This year my plan is to use as many natural products in my home, as possible. So I will be watching a LOT of your videos.

    • In my excitement of using all-natural products, I totally forgot the detergent. And My essential oil didn’t have a dropper. Smells really strong. But taking them out of the washer, they sure smell fresh. And nice to put in the dryer without a dryer sheet.
      Next time, I’ll try adding detergent.

  8. Great ideas! I always keep borax (and washing soda laundry soap booster) and use it for laundry -but didn’t think of these uses – thanks!

  9. I’ve been checking all over the internet looking for a way to clean my tile grout on my floors. After finding you on YouTube and this website, I’ve learned that and much more. I thank for sharing all your cleaning hints. Now I only have to go to one place for help.

  10. I have used Borax for laundry, house cleaning and, recently, for getting control of an ant problem. Great stuff! I might try the Borax and jelly combo to for those devil ants.

  11. Borax is banned here in the UK as its mildy toxic thus dangerous if kids about. Borax substitute is available I think

    • Salt is more toxic than Borax! The risk is hardly worth banning… the reason it got banned a Dr was making tablets to give to his Arthritis patients and they were CURED of pain…. the Big Pharma didn’t like that and they have worked hard to ban Borax to keep it from the public as a natural cure. Much of the osteoporosis is because the essential boron is lacking in our diet… we can supplement using borax. Yep!!!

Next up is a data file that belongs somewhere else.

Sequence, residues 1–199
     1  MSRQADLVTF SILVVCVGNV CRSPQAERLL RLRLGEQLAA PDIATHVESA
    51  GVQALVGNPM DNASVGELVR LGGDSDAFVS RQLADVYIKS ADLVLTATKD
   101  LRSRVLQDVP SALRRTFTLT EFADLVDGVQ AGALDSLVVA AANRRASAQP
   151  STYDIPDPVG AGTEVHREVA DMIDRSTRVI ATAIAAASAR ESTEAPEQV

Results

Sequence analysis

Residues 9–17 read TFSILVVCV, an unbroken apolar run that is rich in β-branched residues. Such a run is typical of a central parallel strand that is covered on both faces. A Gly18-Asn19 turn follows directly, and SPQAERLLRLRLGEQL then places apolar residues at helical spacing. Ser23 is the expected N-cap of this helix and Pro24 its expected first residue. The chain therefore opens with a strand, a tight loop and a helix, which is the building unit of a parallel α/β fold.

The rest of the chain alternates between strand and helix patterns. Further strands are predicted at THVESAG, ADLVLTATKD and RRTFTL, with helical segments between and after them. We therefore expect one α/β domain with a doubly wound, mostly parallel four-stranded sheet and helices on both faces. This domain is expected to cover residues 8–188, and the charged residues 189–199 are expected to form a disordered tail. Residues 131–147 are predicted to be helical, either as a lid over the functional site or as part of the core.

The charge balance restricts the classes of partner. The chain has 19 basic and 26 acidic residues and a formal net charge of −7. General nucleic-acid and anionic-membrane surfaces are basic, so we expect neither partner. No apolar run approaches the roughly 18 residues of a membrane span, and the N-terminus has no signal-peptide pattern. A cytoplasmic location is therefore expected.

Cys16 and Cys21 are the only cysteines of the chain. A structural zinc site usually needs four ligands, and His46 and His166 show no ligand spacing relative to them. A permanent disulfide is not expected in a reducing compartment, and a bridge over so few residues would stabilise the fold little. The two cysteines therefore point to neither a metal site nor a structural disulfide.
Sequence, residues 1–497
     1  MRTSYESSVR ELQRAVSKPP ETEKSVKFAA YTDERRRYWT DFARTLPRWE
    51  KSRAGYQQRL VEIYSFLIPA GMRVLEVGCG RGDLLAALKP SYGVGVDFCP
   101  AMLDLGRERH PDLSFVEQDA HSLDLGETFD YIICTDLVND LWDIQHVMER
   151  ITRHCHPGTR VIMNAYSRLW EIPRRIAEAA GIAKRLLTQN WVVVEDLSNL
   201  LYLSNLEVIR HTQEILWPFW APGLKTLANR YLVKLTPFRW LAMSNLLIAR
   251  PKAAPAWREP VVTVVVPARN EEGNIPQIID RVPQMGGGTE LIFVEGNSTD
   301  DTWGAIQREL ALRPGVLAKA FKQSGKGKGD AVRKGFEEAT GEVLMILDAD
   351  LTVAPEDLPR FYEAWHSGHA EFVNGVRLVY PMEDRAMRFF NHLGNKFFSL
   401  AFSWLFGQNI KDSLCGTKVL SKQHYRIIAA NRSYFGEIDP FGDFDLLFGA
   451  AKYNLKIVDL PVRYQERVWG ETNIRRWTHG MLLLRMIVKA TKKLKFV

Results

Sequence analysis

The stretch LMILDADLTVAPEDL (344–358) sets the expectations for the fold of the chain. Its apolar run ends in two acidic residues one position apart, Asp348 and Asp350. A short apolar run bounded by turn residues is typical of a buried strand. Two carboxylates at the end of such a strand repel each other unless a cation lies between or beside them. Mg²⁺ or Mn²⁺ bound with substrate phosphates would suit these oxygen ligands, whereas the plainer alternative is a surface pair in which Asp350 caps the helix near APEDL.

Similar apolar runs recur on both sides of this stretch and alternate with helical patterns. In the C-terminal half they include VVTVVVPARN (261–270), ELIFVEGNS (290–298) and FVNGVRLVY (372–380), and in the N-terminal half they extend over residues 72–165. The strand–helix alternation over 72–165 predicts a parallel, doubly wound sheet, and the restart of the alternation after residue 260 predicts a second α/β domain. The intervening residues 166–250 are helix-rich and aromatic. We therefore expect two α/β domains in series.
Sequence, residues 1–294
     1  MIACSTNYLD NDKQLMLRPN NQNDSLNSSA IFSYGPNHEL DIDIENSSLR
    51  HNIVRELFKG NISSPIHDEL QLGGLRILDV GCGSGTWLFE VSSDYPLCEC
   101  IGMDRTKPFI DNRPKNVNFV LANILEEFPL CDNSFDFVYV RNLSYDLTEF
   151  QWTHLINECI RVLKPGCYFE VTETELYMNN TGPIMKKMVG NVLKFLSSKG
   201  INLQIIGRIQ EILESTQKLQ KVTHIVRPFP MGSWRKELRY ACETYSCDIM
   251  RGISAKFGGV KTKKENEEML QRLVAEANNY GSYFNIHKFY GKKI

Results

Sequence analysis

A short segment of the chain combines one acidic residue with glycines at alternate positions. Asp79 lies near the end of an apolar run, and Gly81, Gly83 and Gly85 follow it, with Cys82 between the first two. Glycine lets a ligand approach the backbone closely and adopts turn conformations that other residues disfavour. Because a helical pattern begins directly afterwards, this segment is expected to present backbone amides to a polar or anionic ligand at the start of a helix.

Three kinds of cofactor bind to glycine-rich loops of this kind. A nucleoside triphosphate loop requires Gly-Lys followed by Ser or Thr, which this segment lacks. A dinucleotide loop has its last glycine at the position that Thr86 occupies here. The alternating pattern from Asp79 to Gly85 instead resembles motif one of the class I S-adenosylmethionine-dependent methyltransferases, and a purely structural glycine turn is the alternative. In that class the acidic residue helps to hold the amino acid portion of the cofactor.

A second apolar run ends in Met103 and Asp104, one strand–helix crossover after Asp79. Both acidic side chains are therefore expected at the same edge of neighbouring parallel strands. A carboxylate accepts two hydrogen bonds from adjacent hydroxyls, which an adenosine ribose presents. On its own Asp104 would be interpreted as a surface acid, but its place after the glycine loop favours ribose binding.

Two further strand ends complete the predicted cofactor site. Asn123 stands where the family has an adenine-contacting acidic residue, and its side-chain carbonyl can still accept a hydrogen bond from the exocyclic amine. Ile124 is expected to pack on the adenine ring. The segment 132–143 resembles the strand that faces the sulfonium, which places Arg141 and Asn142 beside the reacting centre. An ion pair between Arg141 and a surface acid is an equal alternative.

Borax is SAFER than bleach, SAFER than an oven spray or cleaning chemical you can buy in a bottle. Crazy bureaucrats!

  12. I can’t fine this in Europe. I’d like to know what the ingredients, scientific name is, perhaps I can find it that way.

  13. I remember the days when Borax was in all public restroom soap dispensers. Now it truly is the best and versatile cleaning product and cheapest. I purchased a new front loader two weeks ago. Within one day of using it, the foul smell was starting. I do have a good sense of smell but it was obvious what I was in for. I researched and found that the foul smell can be eliminated by making your own powdered detergent, not using any liquid detergent, and being diligent in leaving the washer door open when not in use and wiping down after use. Research told me that the enzymes in the liquid detergents, more than likely animal based as in most soaps, was the culprit for the foul smell. Why else would I start to have odor the first day of use? I changed to powder like the research said and made my own using Borax, washing soda, baking soda, and oxyclean. I avoided adding Fels Naphtha to avoid the tallow. After the first wash, no more odor and there has been none since. Vinegar and Borax are great to use when running the tub cleaning cycle. Do not waste money buying a commercial product. It is also important to start this habit early when purchasing a new machine. Try it. Your life and laundry will be more pleasant and your machine will be better maintained.

      • Marion G…we found out it best to leave your wahing machine door AND the soap dispenser open a little to ”dry out” between loads…I know as much as we pay for these front loader that seems unfair, but that’s all that will help between me using the borax or running a cycle with clear vinegar when that ”funky” smell starts.. good luck P.S we also have to slide out the soap dispenser to clean out the fabric softener section, etc.I just hold on, press down and the whole thing removes[on our KitchenAid model] to take to bathroom or kitchen sink.